twitterObserver = Rx.Observer.create(
                        function (response) {
                            if (response.textStatus == "success") {
                                var data = response.data;
                                if (data.error == undefined) {
                                    twitterQuery = data.refresh_url;
                                    var tweetObservable;
                                    tweetObservable = Rx.Observable.fromArray(data.results.reverse());
                                    tweetObservable.subscribe(newTweetObserver());
                                }
                            }
                        },
                        function(error) { alert(error); },
                        function () {
                            //create and listen to new observer that includes a delay 
                            if (running) {
                                twitterObservable = $.getJSONPAsObservable(twitterUrl, twitterQuery).delay(3000);
                                twitterObservable.subscribe(createTwitterObserver());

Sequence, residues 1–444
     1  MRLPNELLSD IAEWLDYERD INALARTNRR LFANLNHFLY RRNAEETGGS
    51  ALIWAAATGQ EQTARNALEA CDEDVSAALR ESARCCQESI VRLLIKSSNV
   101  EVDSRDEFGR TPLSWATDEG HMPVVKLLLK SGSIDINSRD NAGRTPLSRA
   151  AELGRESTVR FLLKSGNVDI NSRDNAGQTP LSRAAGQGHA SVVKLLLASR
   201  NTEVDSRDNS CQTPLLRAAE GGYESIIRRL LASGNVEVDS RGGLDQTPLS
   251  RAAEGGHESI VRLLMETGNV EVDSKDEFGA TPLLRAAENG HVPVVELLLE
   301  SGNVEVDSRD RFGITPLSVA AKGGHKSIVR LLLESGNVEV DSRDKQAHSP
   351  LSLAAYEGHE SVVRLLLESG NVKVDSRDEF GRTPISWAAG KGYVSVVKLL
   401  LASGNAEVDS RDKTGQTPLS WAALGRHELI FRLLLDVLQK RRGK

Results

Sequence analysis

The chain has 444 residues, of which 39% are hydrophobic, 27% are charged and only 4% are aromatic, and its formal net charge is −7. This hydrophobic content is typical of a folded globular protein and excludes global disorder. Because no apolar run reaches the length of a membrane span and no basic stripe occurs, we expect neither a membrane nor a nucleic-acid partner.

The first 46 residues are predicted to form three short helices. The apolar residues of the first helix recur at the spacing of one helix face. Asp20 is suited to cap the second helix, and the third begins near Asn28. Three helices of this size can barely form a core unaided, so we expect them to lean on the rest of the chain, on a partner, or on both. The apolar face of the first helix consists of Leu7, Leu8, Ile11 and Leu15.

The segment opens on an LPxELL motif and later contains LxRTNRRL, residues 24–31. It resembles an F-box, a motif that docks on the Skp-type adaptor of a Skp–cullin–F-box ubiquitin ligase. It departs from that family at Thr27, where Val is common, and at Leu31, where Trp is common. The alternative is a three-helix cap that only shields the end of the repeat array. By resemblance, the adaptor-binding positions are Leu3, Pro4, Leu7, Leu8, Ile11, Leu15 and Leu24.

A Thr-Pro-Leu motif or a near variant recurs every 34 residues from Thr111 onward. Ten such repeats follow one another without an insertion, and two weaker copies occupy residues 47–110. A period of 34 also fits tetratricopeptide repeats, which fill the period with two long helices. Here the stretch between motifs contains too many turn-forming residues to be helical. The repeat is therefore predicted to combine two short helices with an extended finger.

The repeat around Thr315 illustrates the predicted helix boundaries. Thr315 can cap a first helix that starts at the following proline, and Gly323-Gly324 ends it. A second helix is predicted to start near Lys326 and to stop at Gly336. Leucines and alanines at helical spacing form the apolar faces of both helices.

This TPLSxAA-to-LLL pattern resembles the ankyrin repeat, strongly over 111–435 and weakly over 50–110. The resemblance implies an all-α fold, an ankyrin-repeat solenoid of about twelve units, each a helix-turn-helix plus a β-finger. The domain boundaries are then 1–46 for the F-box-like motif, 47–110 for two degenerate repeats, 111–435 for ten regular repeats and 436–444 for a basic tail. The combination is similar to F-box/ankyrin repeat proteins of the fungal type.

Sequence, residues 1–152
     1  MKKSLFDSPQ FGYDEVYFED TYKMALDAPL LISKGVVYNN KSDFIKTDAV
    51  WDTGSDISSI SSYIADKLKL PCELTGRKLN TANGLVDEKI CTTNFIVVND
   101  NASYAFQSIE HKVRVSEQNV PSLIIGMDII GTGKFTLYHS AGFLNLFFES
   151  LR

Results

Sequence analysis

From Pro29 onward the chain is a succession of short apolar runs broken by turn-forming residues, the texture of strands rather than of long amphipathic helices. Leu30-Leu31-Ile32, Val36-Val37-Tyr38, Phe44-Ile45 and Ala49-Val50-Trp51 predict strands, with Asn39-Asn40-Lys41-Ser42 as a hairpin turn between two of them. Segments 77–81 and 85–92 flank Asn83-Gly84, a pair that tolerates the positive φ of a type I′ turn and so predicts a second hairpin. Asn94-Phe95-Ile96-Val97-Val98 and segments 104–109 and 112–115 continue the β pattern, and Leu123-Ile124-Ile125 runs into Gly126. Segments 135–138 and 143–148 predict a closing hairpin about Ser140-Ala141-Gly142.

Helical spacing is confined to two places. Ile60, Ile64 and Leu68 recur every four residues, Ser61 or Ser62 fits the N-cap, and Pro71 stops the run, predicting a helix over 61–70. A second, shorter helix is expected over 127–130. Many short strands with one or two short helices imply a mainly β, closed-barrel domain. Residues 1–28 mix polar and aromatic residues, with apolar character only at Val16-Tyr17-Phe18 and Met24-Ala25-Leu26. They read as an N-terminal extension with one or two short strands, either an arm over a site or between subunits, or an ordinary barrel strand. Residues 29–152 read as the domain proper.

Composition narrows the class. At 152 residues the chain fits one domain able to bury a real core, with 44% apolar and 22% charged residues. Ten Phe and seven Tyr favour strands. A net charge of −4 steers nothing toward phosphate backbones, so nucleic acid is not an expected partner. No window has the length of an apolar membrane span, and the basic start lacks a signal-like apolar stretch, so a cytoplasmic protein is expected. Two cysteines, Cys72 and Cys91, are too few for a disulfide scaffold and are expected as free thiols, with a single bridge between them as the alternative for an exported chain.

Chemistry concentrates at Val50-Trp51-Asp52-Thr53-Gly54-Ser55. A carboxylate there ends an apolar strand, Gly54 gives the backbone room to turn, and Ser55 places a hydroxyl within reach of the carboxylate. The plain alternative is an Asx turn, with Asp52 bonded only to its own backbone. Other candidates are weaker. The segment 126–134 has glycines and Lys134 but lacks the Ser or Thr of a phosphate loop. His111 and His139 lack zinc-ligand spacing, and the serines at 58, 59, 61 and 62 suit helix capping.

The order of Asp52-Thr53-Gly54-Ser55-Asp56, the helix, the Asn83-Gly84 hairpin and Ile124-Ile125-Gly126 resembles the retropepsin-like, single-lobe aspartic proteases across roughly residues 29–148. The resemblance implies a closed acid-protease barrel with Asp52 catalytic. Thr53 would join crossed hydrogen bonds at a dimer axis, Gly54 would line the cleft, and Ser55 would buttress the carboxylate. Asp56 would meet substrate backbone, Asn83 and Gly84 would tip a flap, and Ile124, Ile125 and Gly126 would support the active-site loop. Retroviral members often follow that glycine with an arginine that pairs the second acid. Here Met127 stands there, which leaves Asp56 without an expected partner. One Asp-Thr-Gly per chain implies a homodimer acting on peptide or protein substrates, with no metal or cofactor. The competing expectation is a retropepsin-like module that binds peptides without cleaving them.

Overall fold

}
                        } 
                    );
                return twitterObserver;
            }
            twitterObservable = $.getJSONPAsObservable(twitterUrl, twitterQuery);
            twitterObservable.subscribe(createTwitterObserver());

Don't be fooled by the double layer of observables/observers from requests to tweets. My example concerns itself mainly with the first layer: requesting data from Twitter. If in solving this problem the second layer (converting responses into tweets) can become one with the first one, that would be fantastic; But i think that's a whole different thing. For now.

Erik Meijer pointed out the Expand operator to me (see example below), and suggested Join patterns as an alternative.

var ys = Observable.Expand
(new[]{0}.ToObservable() // initial sequence
                   , i => ( i == 10 ? Observable.Empty<int>() // terminate
         : new[]{i+1}.ToObservable() // recurse
 )
);

ys.ToArray().Select(a => string.Join(",", a)).DumpLive();

This should be copy-pastable into LINQPad. It assumes singleton observables and produces one final observer.

So my question is: How can I do the expand trick nicest in RxJS?

EDIT: